There is nothing permanent in life —except change. And an important testament to that is the Residency and Citizenship by Investment industry. From its humble beginnings over 40 years ago, to its widespread implementation over the last 10 years, our industry responds to a human necessity that transcends borders and boundaries. And now, this need is as important as ever; while humanity faces uncertain times of war and escalating refugee crises.
On March 9, 2022, a legislative initiative report was adopted by the European Parliament, which calls for a better regulation of Residency by Investment Programs and puts forward several recommendations that may change the way Citizenship by Investment Programs operate in the European Union and beyond. The voting of this legislative initiative coincided with the EU sanctions against Russia and Belarus in the wake of the invasion in Ukraine.
What is the legislative initiative?
This non-binding initiative of the European Parliament will be presented to the Commission in the framework of the European Commission’s President commitment to turn into a legislative proposal any non-binding resolutions from the European Parliament.
What does it cover?
Amongst the many positive aspects contained in this legislative initiative at an EU level, including the licensing of intermediaries, are the setting of harmonized rules for Residency by Investment Programs, and the call for a total phase out of Citizenship by Investment (CBI) schemes by 2025.
The European Parliament also calls upon the European Commission to propose a legislative act which will call for more burdens of CBI programs in third countries with visa-free travel privileges to the EU, due to perceived inherent security and other risks to the Union.
How is this being implemented?
Now that the report is voted, the European Parliament must present it to the Commission which will conduct analysis. There is usually a public consultation and impact assessment of the legislative initiative. There is no set time frame for this phase and while our sources indicate that the ordinary legislative procedure is likely to be triggered in late 2023, this may happen earlier as well.
What is clear is that the full phase out of European CBI programs is set to 2025 and that the pressure on third countries with such programs may be exerted as soon as this year. Once the ordinary legislative procedure is triggered, it may take anywhere between 6 months to indefinitely long to try to adopt a legal act (regulation, directive, or a decision). It is also worthwhile to mention that there is a pathway that leads to ending the whole procedure without adopting any act.
What is the impact to our industry?
At Arton, we have been very consistent in our calls to professionalize the industry and introduce self-regulatory or other efficient mechanisms that allow for a delivery of services that positively affect economies and societies, via secure, compliant, lean, accountable, and transparent processes.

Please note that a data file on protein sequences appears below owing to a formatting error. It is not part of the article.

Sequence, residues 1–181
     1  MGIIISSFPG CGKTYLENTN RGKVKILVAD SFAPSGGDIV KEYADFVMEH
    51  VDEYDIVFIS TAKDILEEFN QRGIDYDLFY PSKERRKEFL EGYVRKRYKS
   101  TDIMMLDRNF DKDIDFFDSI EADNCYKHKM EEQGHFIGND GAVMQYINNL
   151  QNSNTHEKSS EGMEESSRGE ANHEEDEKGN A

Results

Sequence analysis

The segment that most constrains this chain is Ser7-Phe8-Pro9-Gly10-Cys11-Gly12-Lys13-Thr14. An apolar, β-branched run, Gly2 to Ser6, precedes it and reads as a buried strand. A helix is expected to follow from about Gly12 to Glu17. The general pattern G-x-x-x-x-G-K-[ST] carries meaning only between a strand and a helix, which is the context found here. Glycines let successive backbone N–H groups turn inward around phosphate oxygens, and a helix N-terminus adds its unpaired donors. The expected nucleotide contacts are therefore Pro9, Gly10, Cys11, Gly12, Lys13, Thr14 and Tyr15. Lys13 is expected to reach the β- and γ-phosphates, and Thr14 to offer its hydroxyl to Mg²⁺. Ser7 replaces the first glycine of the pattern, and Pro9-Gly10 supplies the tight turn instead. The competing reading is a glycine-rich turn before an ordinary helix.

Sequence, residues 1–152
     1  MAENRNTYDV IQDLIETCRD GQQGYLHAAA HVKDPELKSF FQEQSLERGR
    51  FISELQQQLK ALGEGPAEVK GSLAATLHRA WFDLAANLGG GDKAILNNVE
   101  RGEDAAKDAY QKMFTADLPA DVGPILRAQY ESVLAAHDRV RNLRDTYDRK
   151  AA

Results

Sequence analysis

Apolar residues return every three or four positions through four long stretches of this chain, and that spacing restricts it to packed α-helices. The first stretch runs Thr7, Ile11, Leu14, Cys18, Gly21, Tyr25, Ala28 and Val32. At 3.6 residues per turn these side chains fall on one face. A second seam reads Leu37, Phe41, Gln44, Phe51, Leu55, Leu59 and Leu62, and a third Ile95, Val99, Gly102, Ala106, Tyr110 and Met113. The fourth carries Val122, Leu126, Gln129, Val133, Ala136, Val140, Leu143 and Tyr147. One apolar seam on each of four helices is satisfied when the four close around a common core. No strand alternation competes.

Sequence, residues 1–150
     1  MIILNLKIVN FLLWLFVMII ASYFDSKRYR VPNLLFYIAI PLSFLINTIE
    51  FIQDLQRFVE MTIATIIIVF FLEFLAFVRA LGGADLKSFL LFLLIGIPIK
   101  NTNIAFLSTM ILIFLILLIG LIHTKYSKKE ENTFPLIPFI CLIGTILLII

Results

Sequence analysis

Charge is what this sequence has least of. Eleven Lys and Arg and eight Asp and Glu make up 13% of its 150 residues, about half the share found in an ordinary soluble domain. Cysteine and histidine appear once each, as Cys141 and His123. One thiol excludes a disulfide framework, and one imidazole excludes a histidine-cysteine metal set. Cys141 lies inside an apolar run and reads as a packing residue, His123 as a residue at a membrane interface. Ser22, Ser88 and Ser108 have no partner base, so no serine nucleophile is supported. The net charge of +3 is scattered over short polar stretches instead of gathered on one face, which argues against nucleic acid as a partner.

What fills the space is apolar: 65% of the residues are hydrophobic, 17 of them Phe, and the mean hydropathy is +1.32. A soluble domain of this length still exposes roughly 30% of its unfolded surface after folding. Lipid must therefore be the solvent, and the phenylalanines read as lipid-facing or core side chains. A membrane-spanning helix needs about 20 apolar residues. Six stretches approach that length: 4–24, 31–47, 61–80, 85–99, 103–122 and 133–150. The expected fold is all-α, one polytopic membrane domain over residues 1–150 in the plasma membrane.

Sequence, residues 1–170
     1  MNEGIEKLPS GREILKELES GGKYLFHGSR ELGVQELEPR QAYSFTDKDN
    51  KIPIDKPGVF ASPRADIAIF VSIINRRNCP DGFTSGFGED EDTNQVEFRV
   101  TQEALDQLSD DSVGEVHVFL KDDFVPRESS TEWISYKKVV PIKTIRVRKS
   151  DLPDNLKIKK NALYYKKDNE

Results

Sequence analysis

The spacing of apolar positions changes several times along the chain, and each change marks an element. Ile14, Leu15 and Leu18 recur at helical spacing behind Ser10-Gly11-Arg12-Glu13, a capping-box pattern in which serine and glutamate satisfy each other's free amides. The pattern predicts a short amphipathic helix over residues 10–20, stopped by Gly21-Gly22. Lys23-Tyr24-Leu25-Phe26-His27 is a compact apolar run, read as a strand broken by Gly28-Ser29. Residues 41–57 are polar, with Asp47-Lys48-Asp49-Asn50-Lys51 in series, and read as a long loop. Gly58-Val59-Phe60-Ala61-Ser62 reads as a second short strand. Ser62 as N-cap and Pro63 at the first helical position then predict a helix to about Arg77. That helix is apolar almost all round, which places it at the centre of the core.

These processes should be overarching so that all stakeholders and international partners are convinced that the programs are run in a sustainable and responsible manner.
The legislative initiative is an opportunity to continue such dialogue and to participate in the development of a framework for efficient international cooperation and exchange where good practices are built-in existing and new programs and a government platform for secure and meaningful exchange of data is established.
What about the elephant in the room?
On February 26, 2022, the European Commission together with France, Germany, Italy, the United Kingdom, Canada and the United States issued a joint statement in response to the ongoing war in Ukraine, emphasizing European commitment to act against Russian citizens and have made the following pledge:
“Third, we commit to acting against the people and entities who facilitate the war in Ukraine and the harmful activities of the Russian government. Specifically, we commit to taking measures to limit the sale of citizenship—so called golden passports—that let wealthy Russians connected to the Russian government become citizens of our countries and gain access to our financial systems.’’ European Commission (2022)
While this has no binding effect, some countries were quick to announce that they are temporarily banning Russians from applying to their visa, residency, or citizenship programs. And while the EU – in an unprecedented move – agreed to give residence permits to Ukrainian refugees to stay inside the bloc for at least one year, other countries included Ukrainian nationals in their back list to apply for citizenship for the practical reason of obstacles in performing proper background verification checks.
What are the next steps for Arton?
At Arton, we follow these developments closely and as committed advocates for good industry governance and innovative leaders, we applaud any move towards a more lenient management, transparency, security, and better governance.
Since 2019, we have been actively involved in all public consultations and have proactively communicated with the European Commission on key industry aspects. We will keep on doing so in continuation of our established practice to be present when needed.
We will at the same time discuss with industry stakeholders and experts what are the most appropriate actions that could bring us closer to the objectives of the EU institutions while safeguarding the future of the investment immigration industry.
The Fight or Flight Webinar
Join us on 22 March 2022 for a dedicated webinar on Zoom to learn more about the road ahead and the opportunities at stake. In confirmed attendance are the Prime Ministers of Antigua and Barbuda and Saint Kitts and Nevis.
The webinar will feature three experts who will cover the following topics:
Event registration is required. Reserve your spot now.
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